I was inspired to begin another in the “Schoolhouse Beach” series by a friend who suggested I paint this beach more realistically. Though I have been commissioned to do several before Lori’s was started, I have done them all (a total of 7 now) with a lot of color added to the white rocks that make this beach famous. Interestingly enough, on the North Shore of Chicago where a few of these pieces hang, the paintings are still recognized as the Schoolhouse Beach of which my inspiration comes. This beach is named for an old abandoned schoolhouse which stands at the corner of the turn-off that takes you to this remote cove on Washington Island off the northern tip of Door County, Wisconsin. I am very close to completing another as well. It is a horizontal with the use of cadmium red, which is new to the colorful palette I normally use. It is turning out beautifully. The deep, rich hues are every bit as fascinating as this new piece with it’s many shades of white. I must remain inspired to create the emotion I want to communicate. These paintings with all of the detail, take a lot of time and my eyes do tire easily with the tight brush work, hence the necessary breaks I must take between the Schoolhouse paintings as well as during the creation of each. Often I will turn to the painting of water with the loose brush strokes or a shell with it’s single subject. I strive to make each rock as lovely as I can, as I also strive to paint the peace that can be found in the simplest of God’s gifts from the sea. A couple are available as fine art giclee prints on both paper and canvas. Below is a poem I wrote which was inspired by the Schoolhouse paintings. It is an homage to the beauty that can be found in less magnificent places. Have a nice weekend!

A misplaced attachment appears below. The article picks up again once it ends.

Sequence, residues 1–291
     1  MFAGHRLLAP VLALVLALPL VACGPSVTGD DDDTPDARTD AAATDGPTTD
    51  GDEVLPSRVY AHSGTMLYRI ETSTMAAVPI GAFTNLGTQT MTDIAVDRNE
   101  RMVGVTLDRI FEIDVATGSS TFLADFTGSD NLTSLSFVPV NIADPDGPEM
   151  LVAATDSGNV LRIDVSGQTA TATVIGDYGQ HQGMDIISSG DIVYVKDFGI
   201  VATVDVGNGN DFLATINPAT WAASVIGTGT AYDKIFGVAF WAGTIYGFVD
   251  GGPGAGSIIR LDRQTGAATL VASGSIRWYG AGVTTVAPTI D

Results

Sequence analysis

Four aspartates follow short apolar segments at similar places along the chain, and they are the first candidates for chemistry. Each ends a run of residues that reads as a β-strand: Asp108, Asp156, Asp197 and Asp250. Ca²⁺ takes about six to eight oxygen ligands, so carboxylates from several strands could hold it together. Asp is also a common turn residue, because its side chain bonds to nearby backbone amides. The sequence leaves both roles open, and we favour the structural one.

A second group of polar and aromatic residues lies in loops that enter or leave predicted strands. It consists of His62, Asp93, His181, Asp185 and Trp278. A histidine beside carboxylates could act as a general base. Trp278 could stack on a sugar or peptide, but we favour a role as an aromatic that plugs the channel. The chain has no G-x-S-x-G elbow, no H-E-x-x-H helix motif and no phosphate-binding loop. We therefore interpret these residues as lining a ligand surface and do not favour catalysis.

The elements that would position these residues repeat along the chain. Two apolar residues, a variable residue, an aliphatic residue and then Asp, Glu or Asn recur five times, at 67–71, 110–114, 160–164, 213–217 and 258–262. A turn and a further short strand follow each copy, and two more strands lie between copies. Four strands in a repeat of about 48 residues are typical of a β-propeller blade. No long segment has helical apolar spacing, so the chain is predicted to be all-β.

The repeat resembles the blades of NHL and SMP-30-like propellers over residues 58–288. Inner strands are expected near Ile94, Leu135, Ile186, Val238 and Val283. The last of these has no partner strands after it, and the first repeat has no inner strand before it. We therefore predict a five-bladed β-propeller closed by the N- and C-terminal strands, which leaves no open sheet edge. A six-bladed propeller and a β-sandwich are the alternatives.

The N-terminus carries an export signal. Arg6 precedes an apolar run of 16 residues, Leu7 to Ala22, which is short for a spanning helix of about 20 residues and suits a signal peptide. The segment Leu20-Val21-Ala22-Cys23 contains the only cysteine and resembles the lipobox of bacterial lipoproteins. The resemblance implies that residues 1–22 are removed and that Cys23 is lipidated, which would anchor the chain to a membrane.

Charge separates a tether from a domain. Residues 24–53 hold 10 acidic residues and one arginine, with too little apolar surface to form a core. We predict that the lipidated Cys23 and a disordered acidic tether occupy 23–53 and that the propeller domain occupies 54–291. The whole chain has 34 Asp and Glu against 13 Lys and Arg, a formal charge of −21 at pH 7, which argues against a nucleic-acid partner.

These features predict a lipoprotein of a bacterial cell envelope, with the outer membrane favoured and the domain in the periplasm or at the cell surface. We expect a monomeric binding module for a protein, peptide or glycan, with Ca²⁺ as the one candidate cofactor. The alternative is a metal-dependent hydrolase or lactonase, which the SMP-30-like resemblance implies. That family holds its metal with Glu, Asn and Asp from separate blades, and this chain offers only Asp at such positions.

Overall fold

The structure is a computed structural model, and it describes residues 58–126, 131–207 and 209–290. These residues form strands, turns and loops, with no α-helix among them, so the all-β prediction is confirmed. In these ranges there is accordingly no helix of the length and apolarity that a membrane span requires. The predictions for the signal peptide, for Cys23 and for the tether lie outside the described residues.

Once Upon a Rocky Shore
When once upon a Rocky Shore, I walked and gazed and sat before…
Near no high mountains or endless sea, just the many rocks and me,
To contemplate and listen to the waves wash up and cleanse anew,
The many rocks upon the shore, a peaceful sound, the lake, no more.
(All contents of this blog copyright 2010 by Margaret Elizabeth Biggs.)